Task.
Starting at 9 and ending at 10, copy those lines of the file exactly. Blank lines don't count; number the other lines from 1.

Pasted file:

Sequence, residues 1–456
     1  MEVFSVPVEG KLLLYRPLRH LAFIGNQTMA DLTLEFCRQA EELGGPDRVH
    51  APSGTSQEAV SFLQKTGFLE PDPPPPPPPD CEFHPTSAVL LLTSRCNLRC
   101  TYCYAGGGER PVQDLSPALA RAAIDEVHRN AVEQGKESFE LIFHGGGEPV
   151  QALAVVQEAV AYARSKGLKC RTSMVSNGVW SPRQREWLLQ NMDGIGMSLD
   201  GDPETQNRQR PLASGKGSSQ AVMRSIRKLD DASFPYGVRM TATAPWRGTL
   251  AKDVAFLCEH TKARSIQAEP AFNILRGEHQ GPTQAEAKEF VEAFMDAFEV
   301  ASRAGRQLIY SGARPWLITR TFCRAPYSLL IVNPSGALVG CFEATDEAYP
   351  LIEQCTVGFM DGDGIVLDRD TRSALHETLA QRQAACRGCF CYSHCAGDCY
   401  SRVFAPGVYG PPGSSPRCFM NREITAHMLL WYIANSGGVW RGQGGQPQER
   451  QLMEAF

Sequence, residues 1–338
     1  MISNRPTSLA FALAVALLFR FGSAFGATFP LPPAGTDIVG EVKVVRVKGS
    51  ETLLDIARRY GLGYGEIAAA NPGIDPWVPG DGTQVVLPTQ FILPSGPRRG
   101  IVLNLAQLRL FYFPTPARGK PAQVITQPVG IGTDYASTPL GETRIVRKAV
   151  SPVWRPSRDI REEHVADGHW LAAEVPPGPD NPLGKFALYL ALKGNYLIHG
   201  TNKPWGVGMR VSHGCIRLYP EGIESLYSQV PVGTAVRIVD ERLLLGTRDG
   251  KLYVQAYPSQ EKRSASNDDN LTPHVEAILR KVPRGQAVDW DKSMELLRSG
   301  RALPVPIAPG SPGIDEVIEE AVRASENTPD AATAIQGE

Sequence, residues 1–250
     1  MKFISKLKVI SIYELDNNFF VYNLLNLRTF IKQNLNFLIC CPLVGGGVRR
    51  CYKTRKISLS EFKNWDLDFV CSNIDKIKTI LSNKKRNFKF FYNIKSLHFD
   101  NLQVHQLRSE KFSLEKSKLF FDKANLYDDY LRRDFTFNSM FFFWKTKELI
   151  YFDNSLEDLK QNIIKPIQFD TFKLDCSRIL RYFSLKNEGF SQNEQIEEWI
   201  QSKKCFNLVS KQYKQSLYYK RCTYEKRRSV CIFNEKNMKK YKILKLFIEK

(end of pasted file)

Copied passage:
   351  LIEQCTVGFM DGDGIVLDRD TRSALHETLA QRQAACRGCF CYSHCAGDCY
   401  SRVFAPGVYG PPGSSPRCFM NREITAHMLL WYIANSGGVW RGQGGQPQER